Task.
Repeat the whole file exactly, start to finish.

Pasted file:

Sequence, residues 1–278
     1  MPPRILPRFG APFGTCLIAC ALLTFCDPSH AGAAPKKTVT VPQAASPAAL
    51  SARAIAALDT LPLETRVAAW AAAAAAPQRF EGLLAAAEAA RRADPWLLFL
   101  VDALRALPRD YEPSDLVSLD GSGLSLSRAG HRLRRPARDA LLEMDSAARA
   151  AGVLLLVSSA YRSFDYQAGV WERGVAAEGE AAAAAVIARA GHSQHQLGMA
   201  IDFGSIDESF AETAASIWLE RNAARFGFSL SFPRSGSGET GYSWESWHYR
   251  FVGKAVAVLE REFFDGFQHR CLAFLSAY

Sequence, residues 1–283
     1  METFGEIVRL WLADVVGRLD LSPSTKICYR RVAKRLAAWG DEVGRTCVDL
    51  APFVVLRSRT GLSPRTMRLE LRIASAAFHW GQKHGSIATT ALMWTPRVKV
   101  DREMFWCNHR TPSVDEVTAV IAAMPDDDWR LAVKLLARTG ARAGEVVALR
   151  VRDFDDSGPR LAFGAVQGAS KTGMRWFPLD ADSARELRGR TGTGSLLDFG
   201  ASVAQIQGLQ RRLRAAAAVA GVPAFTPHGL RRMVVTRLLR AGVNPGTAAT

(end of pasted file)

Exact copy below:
Sequence, residues 1–278
     1  MPPRILPRFG APFGTCLIAC ALLTFCDPSH AGAAPKKTVT VPQAASPAAL
    51  SARAIAALDT LPLETRVAAW AAAAAAPQRF EGLLAAAEAA RRADPWLLFL
   101  VDALRALPRD YEPSDLVSLD GSGLSLSRAG HRLRRPARDA LLEMDSAARA
   151  AGVLLLVSSA YRSFDYQAGV WERGVAAEGE AAAAAVIARA GHSQHQLGMA
   201  IDFGSIDESF AETAASIWLE RNAARFGFSL SFPRSGSGET GYSWESWHYR
   251  FVGKAVAVLE REFFDGFQHR CLAFLSAY

Sequence, residues 1–283
     1  METFGEIVRL WLADVVGRLD LSPSTKICYR RVAKRLAAWG DEVGRTCVDL
    51  APFVVLRSRT GLSPRTMRLE LRIASAAFHW GQKHGSIATT ALMWTPRVKV
   101  DREMFWCNHR TPSVDEVTAV IAAMPDDDWR LAVKLLARTG ARAGEVVALR
   151  VRDFDDSGPR LAFGAVQGAS KTGMRWFPLD ADSARELRGR TGTGSLLDFG
   201  ASVAQIQGLQ RRLRAAAAVA GVPAFTPHGL RRMVVTRLLR AGVNPGTAAT